5 Ways Brands Can Navigate the Cancel Culture

Image from Lisa Benson

Cancel culture a concept imported from the United States, is fast taking heat as brands of today face the constant threat of being cast out. According to the Edelman Brand study, 64% of consumers in the world will consume or boycott a brand merely because of its stance on a particular social or political issue. While there is no clear definition of what it aims to achieve, there is a sense that it is an attempt at social justice to ensure brands, public figures or entities are accountable for what they represent.   The issues debated are often at the heart of socially and politically polarised opinions expressed on social media. Cancel culture has evolved to become vigilante justice as differing opinions on social media convolute how one determines what is right and wrong — is there ever a middle ground one can wonder?  It then becomes an Us vs Them mindset as shared in this Channel News Asia article.

If not handled well, a brand facing the possibility of being cancelled faces many threats; such as a decline in support from key stakeholders, how its brand is now perceived, the loss of credibility amongst customers and even employees and perhaps even financial difficulties.  While the culture is generally built around what is done or said online, circumventing the problem may require going back to basics. To think about what drives the brand in the first place? What are its motivations and goals? Do its values, mission, and goals align with the messaging being sent out?

What defines the heart and soul of a brand is people. The robust growth and reach of social media marketing have brands coming up with creative campaigns and engaging with their customers.  Digital marketing creates an intimate and direct relationship with the customer — while they can sing your praises online, they can also call you out on bad behaviour in real-time. So, the terms of engagement, when things go pear-shaped, must be managed differently.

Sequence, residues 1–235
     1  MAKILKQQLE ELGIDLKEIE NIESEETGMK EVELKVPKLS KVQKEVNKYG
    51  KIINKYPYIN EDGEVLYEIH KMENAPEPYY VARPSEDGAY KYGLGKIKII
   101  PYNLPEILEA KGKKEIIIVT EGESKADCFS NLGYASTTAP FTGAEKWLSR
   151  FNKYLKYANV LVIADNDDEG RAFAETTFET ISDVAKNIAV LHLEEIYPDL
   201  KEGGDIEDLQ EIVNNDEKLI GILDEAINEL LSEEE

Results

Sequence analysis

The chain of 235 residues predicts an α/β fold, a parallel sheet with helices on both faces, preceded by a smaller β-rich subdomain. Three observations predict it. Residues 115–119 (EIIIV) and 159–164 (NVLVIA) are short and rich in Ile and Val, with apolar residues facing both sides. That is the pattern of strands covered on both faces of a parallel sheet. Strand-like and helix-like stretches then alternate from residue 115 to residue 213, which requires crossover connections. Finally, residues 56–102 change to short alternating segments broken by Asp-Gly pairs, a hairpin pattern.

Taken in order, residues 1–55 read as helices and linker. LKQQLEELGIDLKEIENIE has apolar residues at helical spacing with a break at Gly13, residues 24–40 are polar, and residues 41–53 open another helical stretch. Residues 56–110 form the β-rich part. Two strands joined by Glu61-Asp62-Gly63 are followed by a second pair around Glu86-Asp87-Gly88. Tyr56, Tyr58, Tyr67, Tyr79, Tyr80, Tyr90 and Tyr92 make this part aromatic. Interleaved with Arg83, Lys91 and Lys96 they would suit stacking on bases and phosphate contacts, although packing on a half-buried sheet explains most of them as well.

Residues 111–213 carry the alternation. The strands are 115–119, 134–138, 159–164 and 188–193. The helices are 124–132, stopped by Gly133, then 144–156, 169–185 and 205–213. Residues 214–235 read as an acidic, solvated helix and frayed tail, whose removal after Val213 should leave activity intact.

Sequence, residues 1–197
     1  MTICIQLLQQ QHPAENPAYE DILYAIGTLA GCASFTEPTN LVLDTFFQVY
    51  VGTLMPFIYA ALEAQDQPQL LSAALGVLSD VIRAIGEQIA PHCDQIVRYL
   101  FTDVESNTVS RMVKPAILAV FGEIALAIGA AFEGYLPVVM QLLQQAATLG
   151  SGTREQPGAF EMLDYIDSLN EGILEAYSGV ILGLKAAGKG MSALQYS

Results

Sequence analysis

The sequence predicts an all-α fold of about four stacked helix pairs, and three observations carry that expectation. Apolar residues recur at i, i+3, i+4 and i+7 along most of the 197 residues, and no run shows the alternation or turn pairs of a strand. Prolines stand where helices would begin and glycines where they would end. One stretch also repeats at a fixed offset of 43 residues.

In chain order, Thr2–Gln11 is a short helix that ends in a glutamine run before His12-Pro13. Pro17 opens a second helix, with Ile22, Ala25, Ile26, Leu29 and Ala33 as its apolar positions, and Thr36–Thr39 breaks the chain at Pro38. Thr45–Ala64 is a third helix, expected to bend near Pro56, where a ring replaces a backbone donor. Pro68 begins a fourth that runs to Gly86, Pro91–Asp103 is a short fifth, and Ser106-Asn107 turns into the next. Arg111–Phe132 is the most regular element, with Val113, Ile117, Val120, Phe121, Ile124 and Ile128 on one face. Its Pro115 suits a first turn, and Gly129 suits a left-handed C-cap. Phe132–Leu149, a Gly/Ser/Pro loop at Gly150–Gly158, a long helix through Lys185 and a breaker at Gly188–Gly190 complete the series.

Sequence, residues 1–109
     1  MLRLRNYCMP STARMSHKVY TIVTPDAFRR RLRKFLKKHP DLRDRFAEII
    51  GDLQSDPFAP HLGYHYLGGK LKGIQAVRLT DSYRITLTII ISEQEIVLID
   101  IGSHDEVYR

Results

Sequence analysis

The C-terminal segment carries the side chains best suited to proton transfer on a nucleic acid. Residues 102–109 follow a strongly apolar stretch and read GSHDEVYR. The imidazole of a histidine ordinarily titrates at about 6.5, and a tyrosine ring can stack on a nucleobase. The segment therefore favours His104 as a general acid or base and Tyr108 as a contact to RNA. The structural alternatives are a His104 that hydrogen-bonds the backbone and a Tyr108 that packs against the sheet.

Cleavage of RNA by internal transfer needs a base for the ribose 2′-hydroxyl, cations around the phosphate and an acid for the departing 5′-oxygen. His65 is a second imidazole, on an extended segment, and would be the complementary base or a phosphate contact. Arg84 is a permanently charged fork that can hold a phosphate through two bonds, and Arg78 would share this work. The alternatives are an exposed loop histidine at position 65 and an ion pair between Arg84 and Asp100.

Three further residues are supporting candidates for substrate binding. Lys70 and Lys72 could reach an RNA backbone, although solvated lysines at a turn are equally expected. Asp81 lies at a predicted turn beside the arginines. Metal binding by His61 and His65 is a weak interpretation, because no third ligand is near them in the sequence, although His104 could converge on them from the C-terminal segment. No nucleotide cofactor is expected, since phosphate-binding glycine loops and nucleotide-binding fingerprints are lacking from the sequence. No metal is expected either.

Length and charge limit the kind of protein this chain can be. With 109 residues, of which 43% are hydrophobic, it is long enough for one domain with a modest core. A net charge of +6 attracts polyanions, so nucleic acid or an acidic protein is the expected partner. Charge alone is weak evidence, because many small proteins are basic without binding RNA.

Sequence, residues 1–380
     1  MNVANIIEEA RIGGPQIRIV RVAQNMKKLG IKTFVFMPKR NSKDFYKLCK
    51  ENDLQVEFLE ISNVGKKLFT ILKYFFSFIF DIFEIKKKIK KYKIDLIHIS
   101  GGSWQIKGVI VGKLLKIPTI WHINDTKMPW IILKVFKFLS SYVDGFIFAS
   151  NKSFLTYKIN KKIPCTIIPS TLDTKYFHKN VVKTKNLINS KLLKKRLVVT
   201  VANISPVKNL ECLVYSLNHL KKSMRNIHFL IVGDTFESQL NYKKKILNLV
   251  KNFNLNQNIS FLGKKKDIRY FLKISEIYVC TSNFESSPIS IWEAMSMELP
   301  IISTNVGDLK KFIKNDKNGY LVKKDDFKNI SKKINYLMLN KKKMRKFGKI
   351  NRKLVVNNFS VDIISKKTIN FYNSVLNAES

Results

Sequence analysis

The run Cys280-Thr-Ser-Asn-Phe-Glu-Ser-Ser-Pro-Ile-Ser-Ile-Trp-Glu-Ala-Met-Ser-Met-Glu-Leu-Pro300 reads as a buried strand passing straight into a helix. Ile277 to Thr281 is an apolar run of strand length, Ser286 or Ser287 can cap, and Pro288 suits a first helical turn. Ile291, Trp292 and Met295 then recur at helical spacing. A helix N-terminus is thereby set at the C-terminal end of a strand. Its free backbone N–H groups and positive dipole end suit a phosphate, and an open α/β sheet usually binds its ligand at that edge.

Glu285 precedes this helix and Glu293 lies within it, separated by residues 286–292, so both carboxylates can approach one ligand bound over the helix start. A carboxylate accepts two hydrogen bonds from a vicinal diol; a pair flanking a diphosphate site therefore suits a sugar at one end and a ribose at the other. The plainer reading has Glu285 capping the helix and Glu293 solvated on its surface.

Here are five suggestions to mitigate the cancel culture risks:

  1. Strategic Social Media Monitoring
    As tedious as this may sound, it is essential to read the comments and feedback shared on all socials. Do not scroll through for positive reviews and avoid the negative ones like the plague. When consumers express their unhappiness with a brand via social media, it does not mean it should be ignored or taken lightly.  Negative or positive, feedback is vital for growth. If not addressed, your comments sections will become a breeding ground for gossip, rumours.Through regular social media monitoring, brands can look out and respond promptly to any negative mentions on social media that serve as a warning of an impending crisis. As they say, prevention is always better than cure. Detect and rectify any minor problems early, instead of letting it snowball into a potential crisis.
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  3. “Active Listening”
    Brands need to be empathetic when it comes to public and consumer communication. People are the most significant stakeholders of a brand — so there is a need to acknowledge their feelings and needs.Through “active listening” on social media, brands can understand how consumers and the public feel about specific social and political issues. While at the same time receiving concerns or feedback regarding the brand and its product or services.

    In return, the information received through “active listening” allows brands to avoid falling victim to cancel culture by being more sensitive on their socials. A study on the target audience’s demographics is ideal for understanding their social, political, and cultural backgrounds to avoid brand messaging controversies. Brand messaging must also align with your brand values.  “Active listening” also ensures that pick any hints of underlying issues early.

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  5. Don’t Firefight!